The Christy Collection

Military Stories and Articles

Maj Richard Bong, U.S. Army Air Forces (1941–1945)

Maj Richard Bong, U.S. Army Air Forces (1941–1945)

Richard Ira "Dick" Bong, was born September 24, 1920, in St. Mary's hospital in Superior, Wisconsin. He was the first of nine children born to Carl T. Bong and Dora Bryce Bong, living on a farm near the small town of Poplar, Wisconsin, about 20 miles southeast of Superior. Dick's father came to the United States from Sweden at the age of seven, and his mother was of Scots-English descent. Dick grew up on the family farm and attended the Poplar Grade School. Richard Bong then attended the...

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Lt Gen Lewis “Chesty” Puller, U.S.Marine Corps (1919-1955)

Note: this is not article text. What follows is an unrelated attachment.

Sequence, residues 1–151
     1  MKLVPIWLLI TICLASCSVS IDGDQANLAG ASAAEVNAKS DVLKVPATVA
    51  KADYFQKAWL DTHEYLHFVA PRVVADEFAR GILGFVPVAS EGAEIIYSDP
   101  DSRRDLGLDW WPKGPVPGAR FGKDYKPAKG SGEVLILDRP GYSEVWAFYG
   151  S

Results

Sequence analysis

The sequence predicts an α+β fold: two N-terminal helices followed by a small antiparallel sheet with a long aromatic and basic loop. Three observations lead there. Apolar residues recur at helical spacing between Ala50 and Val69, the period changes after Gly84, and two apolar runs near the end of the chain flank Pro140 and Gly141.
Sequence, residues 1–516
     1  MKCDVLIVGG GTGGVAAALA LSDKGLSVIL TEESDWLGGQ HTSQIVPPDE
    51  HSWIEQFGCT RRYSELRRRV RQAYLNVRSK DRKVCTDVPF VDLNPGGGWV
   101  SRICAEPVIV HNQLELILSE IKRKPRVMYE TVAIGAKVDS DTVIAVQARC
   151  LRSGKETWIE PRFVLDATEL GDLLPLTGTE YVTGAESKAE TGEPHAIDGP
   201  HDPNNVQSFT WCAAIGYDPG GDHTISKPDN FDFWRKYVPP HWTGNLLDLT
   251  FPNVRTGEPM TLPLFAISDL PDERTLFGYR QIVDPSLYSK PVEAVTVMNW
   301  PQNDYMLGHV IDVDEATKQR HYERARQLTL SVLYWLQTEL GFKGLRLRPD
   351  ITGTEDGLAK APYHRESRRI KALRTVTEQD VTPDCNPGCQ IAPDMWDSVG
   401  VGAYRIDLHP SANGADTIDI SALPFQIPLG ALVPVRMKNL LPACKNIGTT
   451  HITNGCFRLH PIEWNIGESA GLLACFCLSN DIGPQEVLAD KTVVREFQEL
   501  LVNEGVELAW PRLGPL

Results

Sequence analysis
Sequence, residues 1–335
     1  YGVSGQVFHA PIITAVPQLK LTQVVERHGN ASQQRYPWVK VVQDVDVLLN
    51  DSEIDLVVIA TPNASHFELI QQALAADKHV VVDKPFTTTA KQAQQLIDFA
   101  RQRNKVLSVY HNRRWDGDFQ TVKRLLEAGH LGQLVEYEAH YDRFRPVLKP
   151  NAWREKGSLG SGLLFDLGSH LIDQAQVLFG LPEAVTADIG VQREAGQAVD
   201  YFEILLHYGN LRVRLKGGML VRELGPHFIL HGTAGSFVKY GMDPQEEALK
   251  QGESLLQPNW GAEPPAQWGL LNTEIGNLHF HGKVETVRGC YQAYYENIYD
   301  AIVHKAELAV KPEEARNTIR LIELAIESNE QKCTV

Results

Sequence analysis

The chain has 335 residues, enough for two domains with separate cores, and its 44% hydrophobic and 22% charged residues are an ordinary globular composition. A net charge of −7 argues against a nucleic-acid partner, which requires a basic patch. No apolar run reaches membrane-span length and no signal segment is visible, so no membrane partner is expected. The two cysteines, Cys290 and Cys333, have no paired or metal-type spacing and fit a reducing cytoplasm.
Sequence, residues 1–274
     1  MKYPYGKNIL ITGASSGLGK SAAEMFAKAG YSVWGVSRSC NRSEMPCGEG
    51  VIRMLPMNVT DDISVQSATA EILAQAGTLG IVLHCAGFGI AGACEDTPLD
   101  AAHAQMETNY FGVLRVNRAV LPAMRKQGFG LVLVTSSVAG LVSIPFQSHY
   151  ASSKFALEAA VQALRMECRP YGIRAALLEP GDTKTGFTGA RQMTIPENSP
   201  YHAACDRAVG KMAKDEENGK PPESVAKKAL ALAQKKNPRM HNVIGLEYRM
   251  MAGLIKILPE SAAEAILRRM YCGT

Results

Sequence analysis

Lt Gen Lewis “Chesty” Puller, U.S.Marine Corps (1919-1955)

"Lewis Burwell ' Chesty' Puller, born in the 19th century, fought in the heaviest fighting of the 20th century and is now a legend in this century. The most decorated Marine to ever wear the uniform, and also the most beloved, Puller left a mark on the Marine Corps that would define its culture for years to come." - Michael Lane Smith Biography of Lewis "Chesty" Puller The son of a grocer, Lewis "Chesty" Puller was born June 26, 1898, at West Point, Virginia, to Matthew and Martha Puller....

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Col Ola Lee Mize, U.S. Army (1950-1981)

Col Ola Lee Mize, U.S. Army (1950-1981)

Ola Lee Mize was born August 28, 1931, in Albertville, Alabama as the son of a sharecropper. He was forced to leave school after just the ninth grade to help his family put food on the table, as was very common throughout the United States in that era. Mize's Military Service Mize tried several times to enlist in the Army but was rejected for being too light at just 120 pounds. He finally got in when his mother signed an affidavit to affirm his age since a tornado had destroyed all his town's...